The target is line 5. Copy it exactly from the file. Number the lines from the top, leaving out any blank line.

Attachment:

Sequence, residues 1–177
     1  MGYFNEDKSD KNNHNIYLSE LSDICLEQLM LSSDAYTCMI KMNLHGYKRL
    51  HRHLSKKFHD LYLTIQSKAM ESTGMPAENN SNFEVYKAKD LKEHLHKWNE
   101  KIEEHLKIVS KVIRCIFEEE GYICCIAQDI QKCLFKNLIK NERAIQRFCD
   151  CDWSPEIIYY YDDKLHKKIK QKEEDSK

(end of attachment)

   151  CDWSPEIIYY YDDKLHKKIK QKEEDSK